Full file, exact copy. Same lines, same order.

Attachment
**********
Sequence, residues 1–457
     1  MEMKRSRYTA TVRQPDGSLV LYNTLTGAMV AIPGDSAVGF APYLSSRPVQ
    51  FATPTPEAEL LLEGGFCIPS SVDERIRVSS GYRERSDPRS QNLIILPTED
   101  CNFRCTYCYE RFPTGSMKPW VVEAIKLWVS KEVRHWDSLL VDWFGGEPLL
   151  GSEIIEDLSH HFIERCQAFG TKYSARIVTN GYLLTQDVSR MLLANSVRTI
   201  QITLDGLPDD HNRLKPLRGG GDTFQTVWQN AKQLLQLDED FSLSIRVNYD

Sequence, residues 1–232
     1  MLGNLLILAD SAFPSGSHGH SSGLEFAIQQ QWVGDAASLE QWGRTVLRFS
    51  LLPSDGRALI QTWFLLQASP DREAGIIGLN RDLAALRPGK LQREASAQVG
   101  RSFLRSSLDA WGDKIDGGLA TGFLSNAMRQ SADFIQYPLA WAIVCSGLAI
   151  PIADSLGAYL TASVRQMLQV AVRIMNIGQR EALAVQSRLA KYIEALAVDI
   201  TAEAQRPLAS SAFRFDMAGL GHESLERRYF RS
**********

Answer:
Sequence, residues 1–457
     1  MEMKRSRYTA TVRQPDGSLV LYNTLTGAMV AIPGDSAVGF APYLSSRPVQ
    51  FATPTPEAEL LLEGGFCIPS SVDERIRVSS GYRERSDPRS QNLIILPTED
   101  CNFRCTYCYE RFPTGSMKPW VVEAIKLWVS KEVRHWDSLL VDWFGGEPLL
   151  GSEIIEDLSH HFIERCQAFG TKYSARIVTN GYLLTQDVSR MLLANSVRTI
   201  QITLDGLPDD HNRLKPLRGG GDTFQTVWQN AKQLLQLDED FSLSIRVNYD

Sequence, residues 1–232
     1  MLGNLLILAD SAFPSGSHGH SSGLEFAIQQ QWVGDAASLE QWGRTVLRFS
    51  LLPSDGRALI QTWFLLQASP DREAGIIGLN RDLAALRPGK LQREASAQVG
   101  RSFLRSSLDA WGDKIDGGLA TGFLSNAMRQ SADFIQYPLA WAIVCSGLAI
   151  PIADSLGAYL TASVRQMLQV AVRIMNIGQR EALAVQSRLA KYIEALAVDI
   201  TAEAQRPLAS SAFRFDMAGL GHESLERRYF RS